According to the FAA medical files, the 68 year-old pilot reported having had a 4 vessel coronary artery bypass graft procedure in 2008, followed by a stent in his right coronary artery in 2009. After reviewing the data related to these events, the FAA granted the pilot special issuance medical certificates beginning in 2010. At the time of his last aviation medical examination on March 29, 2017, he reported using aspirin and clopidogrel as blood thinners, losartan for blood pressure control, and a combination of ezetimibe and simvastatin to control his cholesterol. None of these were considered impairing. A stress echo cardiogram, dated January 6, 2017, demonstrated that the pilot reached 16 mets, more than 150% of the target heart rate, and had no ischemic findings on his electrocardiogram or echocardiogram. The aviation medical examiner found no abnormalities and the pilot received a special issuance third class medical certificate limited by a requirement for corrective lenses and marked, "Not valid for any class after March 31, 2018."

Aircraft and Owner/Operator Information

Registration: N7091F
Model/Series: R44 II II
Aircraft Category: Helicopter
Year of Manufacture: 2015
Amateur Built: No
Airworthiness Certificate: Normal
Serial Number: 13910
Landing Gear Type: Skid;
Seats: 4
Date/Type of Last Inspection: 03/20/2017, Annual
Certified Max Gross Wt.: 2500 lbs
Time Since Last Inspection: 27 Hours
Engines: 1 Reciprocating
Airframe Total Time: 177 Hours at time of accident
Engine Manufacturer: LYCOMING
ELT: Not installed
Engine Model/Series: IO-540-AE1A5
Rated Power: 245 hp
Operator: On file
Operating Certificate(s) Held: None

The accident helicopter, serial number 13910, was a Robinson R44 II, four-place, two-bladed, single main rotor, single-engine helicopter, with skid-type landing gear. The primary structure was welded steel tubing and riveted aluminum. The tailboom was a semi-monocoque structure consisting of an aluminum skin. Each seat was equipped with a combined seat belt and inertia reel shoulder strap. 

The helicopter was equipped with a Lycoming IO-540- AE1A5 engine, serial number L-36203-48E, rated at 260 horsepower; however, according to the helicopter's type certificate, the engine had a 5-minute takeoff rating of 245 horsepower and a maximum continuous rating of 205 horsepower.

The helicopter was registered to the owner on December 1, 2015. 

Meteorological Information and Flight Plan

Conditions at Accident Site: Visual Conditions
Condition of Light: Day
Observation Facility, Elevation: HRX, 3788 ft msl
Distance from Accident Site: 28 Nautical Miles
Observation Time: 1435 CDT
Direction from Accident Site: 300°
Lowest Cloud Condition: Scattered / 4000 ft agl
Visibility: 10 Miles
Lowest Ceiling: None
Visibility (RVR):
Wind Speed/Gusts: 3 knots /
Turbulence Type Forecast/Actual: / None
Wind Direction: 70°
Turbulence Severity Forecast/Actual: /
Altimeter Setting: 30.06 inches Hg
Temperature/Dew Point: 26°C / 14°C
Precipitation and Obscuration: No Precipitation
Departure Point: Farwell, TX (PVT)
Type of Flight Plan Filed: None
Destination: Farwell, TX (PVT)
Type of Clearance: None
Departure Time: 1302 CDT
Type of Airspace: Class G 

Wreckage and Impact Information

Crew Injuries: 1 Fatal
Aircraft Damage: Substantial
Passenger Injuries: N/A
Aircraft Fire: None
Ground Injuries: N/A
Aircraft Explosion: None
Total Injuries: 1 Fatal
Latitude, Longitude: 34.420556, -102.512222 

Examination of the accident site revealed that the helicopter came to rest on its right side in a wheat field (the wheat crop was about 3 inches tall) owned by the pilot's business. Three ground scars, consistent with main rotor blade strikes, were observed adjacent to the main wreckage. Fragmented plexiglass was scattered between the ground scars and main wreckage. Separated sections of the main rotor blades were located within a 75-ft diameter of the main wreckage; the main rotor blades were fragmented, bent, deformed, and their root sections remained attached to the rotor hub. No evidence of contact with any adjacent structures or power lines was observed.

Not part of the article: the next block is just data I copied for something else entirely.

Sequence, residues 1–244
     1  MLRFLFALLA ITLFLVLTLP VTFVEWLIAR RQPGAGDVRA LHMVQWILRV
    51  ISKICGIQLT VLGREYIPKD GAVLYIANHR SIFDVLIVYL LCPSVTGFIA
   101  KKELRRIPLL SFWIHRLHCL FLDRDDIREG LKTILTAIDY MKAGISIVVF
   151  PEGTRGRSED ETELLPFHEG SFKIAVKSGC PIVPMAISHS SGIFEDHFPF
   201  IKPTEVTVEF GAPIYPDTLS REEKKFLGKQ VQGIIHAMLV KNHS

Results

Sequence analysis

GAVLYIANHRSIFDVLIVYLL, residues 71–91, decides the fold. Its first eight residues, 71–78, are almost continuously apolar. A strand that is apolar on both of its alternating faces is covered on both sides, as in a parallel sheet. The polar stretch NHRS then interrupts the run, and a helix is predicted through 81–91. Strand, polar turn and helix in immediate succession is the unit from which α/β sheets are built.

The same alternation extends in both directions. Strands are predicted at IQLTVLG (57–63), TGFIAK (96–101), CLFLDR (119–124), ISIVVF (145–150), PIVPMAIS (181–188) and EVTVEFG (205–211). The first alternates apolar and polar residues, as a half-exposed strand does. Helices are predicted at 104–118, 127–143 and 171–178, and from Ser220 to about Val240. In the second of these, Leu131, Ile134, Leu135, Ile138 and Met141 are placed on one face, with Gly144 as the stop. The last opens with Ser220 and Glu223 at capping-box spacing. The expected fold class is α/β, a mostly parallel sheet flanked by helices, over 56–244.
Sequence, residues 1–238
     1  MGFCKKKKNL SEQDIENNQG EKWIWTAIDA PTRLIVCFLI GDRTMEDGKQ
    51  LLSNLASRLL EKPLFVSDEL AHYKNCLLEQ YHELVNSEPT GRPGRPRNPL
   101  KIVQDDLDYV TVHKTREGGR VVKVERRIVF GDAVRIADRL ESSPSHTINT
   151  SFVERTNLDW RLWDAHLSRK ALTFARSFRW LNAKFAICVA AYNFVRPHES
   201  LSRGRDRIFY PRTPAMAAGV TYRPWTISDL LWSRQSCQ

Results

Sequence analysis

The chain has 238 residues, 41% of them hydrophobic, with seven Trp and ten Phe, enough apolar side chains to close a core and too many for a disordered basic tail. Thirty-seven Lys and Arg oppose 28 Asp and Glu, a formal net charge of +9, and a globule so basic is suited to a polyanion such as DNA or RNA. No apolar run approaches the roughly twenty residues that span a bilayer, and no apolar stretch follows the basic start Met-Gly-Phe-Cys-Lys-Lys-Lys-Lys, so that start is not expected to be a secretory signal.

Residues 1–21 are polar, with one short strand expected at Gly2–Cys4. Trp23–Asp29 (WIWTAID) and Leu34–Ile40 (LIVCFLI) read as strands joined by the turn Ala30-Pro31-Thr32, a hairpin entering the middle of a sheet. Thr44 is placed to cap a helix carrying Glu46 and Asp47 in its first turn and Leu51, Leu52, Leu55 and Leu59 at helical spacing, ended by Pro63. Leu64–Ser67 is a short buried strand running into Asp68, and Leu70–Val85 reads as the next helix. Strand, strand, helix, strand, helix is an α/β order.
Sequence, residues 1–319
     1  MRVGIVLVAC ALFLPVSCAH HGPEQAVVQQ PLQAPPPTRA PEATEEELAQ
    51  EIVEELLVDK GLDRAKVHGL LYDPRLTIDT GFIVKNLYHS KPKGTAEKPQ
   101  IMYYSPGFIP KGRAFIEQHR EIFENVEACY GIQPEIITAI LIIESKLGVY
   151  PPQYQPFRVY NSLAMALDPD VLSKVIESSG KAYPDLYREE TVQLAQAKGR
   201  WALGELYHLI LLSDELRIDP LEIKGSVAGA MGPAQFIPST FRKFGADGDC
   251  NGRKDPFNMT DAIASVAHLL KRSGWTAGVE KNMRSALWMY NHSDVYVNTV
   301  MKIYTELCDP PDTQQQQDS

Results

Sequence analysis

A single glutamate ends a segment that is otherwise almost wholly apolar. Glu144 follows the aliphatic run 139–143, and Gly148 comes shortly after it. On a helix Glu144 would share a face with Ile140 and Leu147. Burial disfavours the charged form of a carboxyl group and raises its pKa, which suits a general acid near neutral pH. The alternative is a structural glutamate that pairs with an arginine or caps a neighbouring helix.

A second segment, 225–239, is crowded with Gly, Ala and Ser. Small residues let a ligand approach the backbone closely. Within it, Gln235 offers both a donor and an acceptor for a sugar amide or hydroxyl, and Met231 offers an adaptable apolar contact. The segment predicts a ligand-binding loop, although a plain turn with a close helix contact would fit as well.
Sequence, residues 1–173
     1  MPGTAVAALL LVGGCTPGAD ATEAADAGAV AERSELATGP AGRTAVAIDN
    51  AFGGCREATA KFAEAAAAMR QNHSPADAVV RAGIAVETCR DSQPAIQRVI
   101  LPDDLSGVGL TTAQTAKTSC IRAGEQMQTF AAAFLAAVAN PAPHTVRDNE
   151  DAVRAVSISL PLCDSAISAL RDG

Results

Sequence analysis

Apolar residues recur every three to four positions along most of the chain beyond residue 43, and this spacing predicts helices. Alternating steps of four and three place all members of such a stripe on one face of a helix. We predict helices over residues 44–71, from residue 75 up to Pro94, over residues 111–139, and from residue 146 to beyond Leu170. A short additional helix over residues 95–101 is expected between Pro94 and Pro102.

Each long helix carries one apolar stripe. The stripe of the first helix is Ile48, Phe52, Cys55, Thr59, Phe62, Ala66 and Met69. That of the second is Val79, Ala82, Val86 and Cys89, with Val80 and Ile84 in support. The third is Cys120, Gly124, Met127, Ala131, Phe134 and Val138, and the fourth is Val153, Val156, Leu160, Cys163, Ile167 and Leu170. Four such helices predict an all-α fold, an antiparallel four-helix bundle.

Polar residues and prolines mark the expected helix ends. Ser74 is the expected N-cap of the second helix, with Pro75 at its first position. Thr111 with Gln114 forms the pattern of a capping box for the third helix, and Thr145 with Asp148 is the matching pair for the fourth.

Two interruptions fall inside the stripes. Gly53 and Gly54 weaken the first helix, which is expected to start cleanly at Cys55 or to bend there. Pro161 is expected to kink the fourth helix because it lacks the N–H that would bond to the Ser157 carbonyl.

The lower forward fuselage was crushed aft and upward. The tailboom was intact, and the horizontal stabilizer was bent. No damage was noted to the tail skid. The forward landing gear skid tubes were fractured, and the left forward skid tube was separated and located in the debris field. The left forward door was separated, the right forward door and rear cabin doors were damaged and partially fragmented. The forward seat belts and shoulder harnesses were unlatched. The helicopter was not equipped with an emergency locator transmitter.

Flight control continuity was established from the cockpit flight controls to the swashplate and tail rotor system. Drivetrain continuity was established from the engine to the main transmission and tail rotor systems.

The engine remained attached to the engine mount and secured in the airframe. Thumb compression was noted on all cylinders, and mechanical continuity throughout the engine was established. The magnetos and ignition leads produced spark when engine crankshaft was rotated. 

Medical And Pathological Information

An autopsy was performed by South Plains Forensic Pathology, P.A., Lubbock, Texas. The cause of death was blood loss due to visceral injuries due to blunt force injuries, and the manner of death was an accident.

The autopsy also described significant heart disease. The heart weighed 610 gm and both the ventricles were dilated; the left ventricle was described as having severe hypertrophy, but no measurements were given. There was very severe coronary artery disease in the native arteries, but the grafts were all described as patent. A stent was identified, but not further described. Sections of the myocardium revealed scarring from old heart attacks in the left ventricle. Microscopy of the heart showed myocyte hypertrophy with interstitial and perivascular fibrosis. There were areas where adipose and fibrotic tissue replaced normal cells.

Toxicology testing performed by the Federal Aviation Administration's Bioaeronautical Sciences Research Laboratory, Oklahoma City, Oklahoma, identified no ethanol in the vitreous. In addition, salicylate (a metabolite of aspirin) was found in urine, losartan was found in cavity blood and liver, and clopidogrel was identified in liver tissue. As stated above, none of these are considered impairing.